On the eve of the 2008 election, the journalist Joe Klein asked Barack Obama how he’d made his decision to respond to the brewing scandal about Obama’s pastor, Jeremiah Wright, having made controversial statements about the government and terrorist attacks. Whether you were upset by that situation or not, whether you think he properly addressed it or not, the mindset that Obama explained to Klein is worth spending a few minutes thinking about:
“My gut was telling me that this was a teachable moment and that if I tried to do the usual political damage control instead of talking to the American people like an adult—like they were adults and could understand the complexities of race, that I would not only be doing damage to the campaign but missing an important opportunity for leadership.”
From this, a beautiful and important speech about race relations—known as the “A More Perfect Union” speech—came into existence. A rather ordinary political scandal became a teachable moment.
But that kind of transformation is not solely the domain of politicians or world leaders. It is also our duty and goal as aspiring students of Stoicism—we should all be trying to take the ordinary, frustrating, complex, difficult, and surprising situations that life throws at us and turning them into something.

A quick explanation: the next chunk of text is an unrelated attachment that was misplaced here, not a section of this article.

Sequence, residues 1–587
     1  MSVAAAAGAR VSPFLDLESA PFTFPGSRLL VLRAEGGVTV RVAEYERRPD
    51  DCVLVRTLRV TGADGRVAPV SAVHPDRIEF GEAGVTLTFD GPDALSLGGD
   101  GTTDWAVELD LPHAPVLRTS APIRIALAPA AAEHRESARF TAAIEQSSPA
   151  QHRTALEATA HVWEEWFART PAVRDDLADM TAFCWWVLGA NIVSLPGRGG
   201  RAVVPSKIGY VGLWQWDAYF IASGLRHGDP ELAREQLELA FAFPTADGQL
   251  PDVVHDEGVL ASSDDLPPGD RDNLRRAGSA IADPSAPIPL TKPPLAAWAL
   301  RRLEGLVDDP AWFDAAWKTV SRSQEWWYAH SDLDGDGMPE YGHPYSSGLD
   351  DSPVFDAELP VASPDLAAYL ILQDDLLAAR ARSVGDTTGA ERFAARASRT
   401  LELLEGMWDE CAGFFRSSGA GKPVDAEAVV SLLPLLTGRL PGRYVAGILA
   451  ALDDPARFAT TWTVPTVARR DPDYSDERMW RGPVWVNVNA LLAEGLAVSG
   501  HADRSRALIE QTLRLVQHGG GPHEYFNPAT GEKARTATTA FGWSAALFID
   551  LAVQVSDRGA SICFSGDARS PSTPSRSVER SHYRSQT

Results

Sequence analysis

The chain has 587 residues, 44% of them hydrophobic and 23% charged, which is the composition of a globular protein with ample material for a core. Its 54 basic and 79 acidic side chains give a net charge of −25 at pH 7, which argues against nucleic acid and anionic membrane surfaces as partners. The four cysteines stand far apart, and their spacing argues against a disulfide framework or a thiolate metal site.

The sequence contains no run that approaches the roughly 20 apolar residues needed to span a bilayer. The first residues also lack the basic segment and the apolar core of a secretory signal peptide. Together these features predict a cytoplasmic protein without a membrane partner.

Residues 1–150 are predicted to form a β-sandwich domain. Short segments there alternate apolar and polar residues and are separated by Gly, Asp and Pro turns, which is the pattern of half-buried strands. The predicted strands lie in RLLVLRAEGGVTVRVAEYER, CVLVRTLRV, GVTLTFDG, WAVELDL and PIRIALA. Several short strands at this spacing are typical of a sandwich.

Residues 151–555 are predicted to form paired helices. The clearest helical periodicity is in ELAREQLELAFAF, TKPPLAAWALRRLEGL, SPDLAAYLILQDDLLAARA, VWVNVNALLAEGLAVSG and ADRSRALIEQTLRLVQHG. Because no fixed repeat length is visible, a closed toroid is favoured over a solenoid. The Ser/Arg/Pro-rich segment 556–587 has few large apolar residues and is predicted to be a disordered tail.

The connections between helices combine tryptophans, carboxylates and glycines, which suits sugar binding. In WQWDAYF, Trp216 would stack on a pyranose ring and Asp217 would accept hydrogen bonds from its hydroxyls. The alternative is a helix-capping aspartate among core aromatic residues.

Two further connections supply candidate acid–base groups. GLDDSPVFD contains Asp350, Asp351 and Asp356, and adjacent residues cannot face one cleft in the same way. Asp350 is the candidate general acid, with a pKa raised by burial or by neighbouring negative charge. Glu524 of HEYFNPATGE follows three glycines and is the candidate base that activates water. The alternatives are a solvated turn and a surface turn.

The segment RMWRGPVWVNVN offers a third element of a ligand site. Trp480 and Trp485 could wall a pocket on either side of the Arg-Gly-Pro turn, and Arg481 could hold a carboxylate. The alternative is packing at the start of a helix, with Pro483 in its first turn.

We should be doing this for ourselves, for our colleagues, for our children, for history. Our goal should be to never miss an important opportunity for leadership—internally or externally. We should always be getting better and stronger for what will happen. That’s what Amor Fati is about. That’s what it means to say that the obstacle is the way and then to take the first steps in that direction.
There is something to teach and something to learn with every moment. There is something to do with every moment. If you’re brave enough, strong enough, committed enough to eschew the path of least resistance—the damage control path—and engage these moments like an adult. Like a human being. Like a Stoic.